Wrexham’s march showed that none of the momentum has been lost from the independence movement
Ifan Morgan Jones
Back in 2019 the Welsh independence movement held a series of three huge marches, in Cardiff, Caernarfon and Merthyr Tydfil.
The sheer size in thousands of those who attended, and the passion and positivity generated by these events, where truly historic in a Welsh context.
In a nation defined more for its political quietism, which has tended to reserve passion for the rugby pitch, this was a historic turnaround.
And then it all came with a juddering halt.
First with Covid, which cancelled three scheduled marches in 2020 in Wrexham, Tredegar and Swansea.
Then, despite a surge of members to 20,000, things turned sour within YesCymru itself, with the central committee resigning en masse in the summer of last year.
Yesterday, that long-awaited march in Wrexham finally happened, organised by AUOB Cymru, with support from YesCymru and IndyFest Wrexham.
And there were real questions about whether the momentum that had stalled over the last almost three years would or indeed could be reignited.
Like several other failed Welsh national movements in the past – most famously the CymruFydd movement of the last 19th century – would this one peter out and remain another big ‘what if’ in Welsh history?
Well, on the basis of yesterday I think it’s fair to say that the passion and dedication to political change that characterised the movement back in 2019 was still there in abundance.
The march for independence in Wrexham very much picked up where Merthyr Tydfil in autumn 2019 had left off.
The vibrant, feel-good atmosphere here felt a million miles away from the kind of rancour that has characterised the movement on social media in the intervening period.
A big march is essentially the antithesis of social media such as Facebook and Twitter. The latter is all about what drives people apart – into their different political silos and echo chambers.
The aptly named All Under One Banner, like a mixture of a Wales footballing away day and an Eisteddfod, has everyone marching together to the same, literal, drum beat.
You also have to take your bucket hat off to the organisers, as the event also felt like a slicker affair than the previous ones.
In fact, the march itself felt almost incidental to an event that included a fully kitted-out main stage with speakers and huge screens, music, and a number of stalls selling beer, merchandise, books and other goods.
The emphasis was on having a good time, not just making a political point. It was less of a political chore and more of a nice family day out in a new location.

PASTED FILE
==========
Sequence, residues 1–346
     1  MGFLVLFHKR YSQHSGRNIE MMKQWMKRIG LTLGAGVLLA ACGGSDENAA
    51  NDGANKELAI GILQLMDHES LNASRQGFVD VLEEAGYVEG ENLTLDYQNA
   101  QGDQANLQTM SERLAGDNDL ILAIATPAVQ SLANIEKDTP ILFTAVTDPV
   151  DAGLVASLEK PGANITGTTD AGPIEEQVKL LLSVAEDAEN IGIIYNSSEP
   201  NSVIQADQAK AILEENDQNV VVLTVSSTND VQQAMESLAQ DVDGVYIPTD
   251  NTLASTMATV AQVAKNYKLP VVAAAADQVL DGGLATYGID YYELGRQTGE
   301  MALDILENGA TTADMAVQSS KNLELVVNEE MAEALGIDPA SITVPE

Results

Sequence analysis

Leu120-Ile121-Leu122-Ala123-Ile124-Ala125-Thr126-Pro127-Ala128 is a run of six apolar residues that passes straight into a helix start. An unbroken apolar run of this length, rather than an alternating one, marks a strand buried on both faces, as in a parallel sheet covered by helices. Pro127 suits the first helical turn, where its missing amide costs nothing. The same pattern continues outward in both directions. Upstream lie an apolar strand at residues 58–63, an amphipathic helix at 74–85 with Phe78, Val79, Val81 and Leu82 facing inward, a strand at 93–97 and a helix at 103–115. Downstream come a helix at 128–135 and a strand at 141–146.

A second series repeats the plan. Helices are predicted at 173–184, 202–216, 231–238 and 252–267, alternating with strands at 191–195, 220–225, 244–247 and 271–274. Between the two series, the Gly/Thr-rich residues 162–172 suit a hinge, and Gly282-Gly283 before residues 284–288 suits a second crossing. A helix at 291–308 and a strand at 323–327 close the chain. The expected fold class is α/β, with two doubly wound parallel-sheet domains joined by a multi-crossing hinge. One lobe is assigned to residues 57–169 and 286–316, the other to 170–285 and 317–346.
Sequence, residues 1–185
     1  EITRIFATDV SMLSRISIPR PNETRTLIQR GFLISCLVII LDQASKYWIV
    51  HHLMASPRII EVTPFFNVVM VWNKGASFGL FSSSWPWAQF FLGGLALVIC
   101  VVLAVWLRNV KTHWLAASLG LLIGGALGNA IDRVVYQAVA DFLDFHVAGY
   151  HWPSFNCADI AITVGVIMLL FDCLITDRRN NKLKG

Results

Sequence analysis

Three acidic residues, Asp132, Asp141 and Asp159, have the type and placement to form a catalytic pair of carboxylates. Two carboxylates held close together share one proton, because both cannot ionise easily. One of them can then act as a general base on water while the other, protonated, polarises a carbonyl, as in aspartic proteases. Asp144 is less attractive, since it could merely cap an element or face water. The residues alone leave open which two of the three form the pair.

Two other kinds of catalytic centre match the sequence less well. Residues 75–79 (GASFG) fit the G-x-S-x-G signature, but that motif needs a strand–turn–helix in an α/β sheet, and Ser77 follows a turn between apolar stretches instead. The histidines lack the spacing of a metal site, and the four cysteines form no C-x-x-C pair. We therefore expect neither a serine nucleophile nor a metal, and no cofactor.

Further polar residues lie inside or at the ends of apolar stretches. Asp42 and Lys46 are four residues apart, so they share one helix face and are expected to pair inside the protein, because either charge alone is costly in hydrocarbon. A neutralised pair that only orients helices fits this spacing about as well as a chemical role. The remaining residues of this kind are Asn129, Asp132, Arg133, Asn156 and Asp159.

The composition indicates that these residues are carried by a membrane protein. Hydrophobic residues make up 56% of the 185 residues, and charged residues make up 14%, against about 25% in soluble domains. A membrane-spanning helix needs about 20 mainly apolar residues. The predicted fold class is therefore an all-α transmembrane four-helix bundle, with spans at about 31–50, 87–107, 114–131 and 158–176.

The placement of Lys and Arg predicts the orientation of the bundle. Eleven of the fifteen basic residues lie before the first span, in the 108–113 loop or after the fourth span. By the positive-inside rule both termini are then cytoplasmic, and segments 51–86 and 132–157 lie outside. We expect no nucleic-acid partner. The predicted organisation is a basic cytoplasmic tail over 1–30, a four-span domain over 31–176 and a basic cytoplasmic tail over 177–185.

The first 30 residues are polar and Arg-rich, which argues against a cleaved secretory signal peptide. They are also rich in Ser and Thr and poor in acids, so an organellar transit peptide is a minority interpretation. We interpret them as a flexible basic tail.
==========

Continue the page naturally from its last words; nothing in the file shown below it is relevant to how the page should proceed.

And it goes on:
And given the large dent in my bank account made not just by the stalls but all the surrounding shops, I think that before long Wales’ towns and cities will be bidding to host an independence march, rather than putting up a fight as Wrexham Council did.
What negativity there has been about the march has inevitably come online, and has focused on what some claim was a smaller crowd size than previous marches.
Having been present it didn’t feel that way at all. There were around as many people there than the Merthyr Tydfil march, and more than Cardiff.
But one thing is very important to note: Welsh independence marches aren’t a census. They are not an event by which supporters gather in one place for a headcount.
While the size of the crowd in Wrexham showed that none of the enthusiasm has gone out of Welsh independence movement, it wasn’t some kind of official barometer of its appeal.
Polls show consistently that around 25% of Wales’ population would vote for independence. Only a tiny fraction are ever going to turn out for a political rally.
Neither should we compare like for like with other Welsh independence marches. You’re obviously going to get a bigger pro-independence crowd in Caernarfon than Wrexham.
As proudly Welsh as Wrexham is, it’s obvious that some parts of Wales are going to be more fertile ground for the movement than others, for historical, cultural and political reasons.
That the Welsh independence movement managed to attract between 5,000 and 8,000 people – estimates vary depending on who you ask – to the north-east of Wales was a success.
And as Welsh independence marches become the ‘norm’, it’s likely that we’ll see the crowds shrink rather than increase in size, as the number of marches increases and their novelty fades.
Only 1,200 attended a Scottish independence march in Dumfries last month, and Scotland is closer to independence as it has ever been.
The challenge for the Welsh independence movement now will be to keep this new momentum going.
The good news for them is that the UK Government seem entirely determined to help them out in that regard, with a series of attacks on devolution making the status quo unviable and essentially forcing a choice between further autonomy or a stripping away of powers.
There will be bumps and scrapes along the way, and many of them beyond the Welsh independence movement’s control – no one could have seen Covid coming, for instance.
But on the basis of yesterday’s march, the movement is not just Yma o Hyd, but yma for the long haul.
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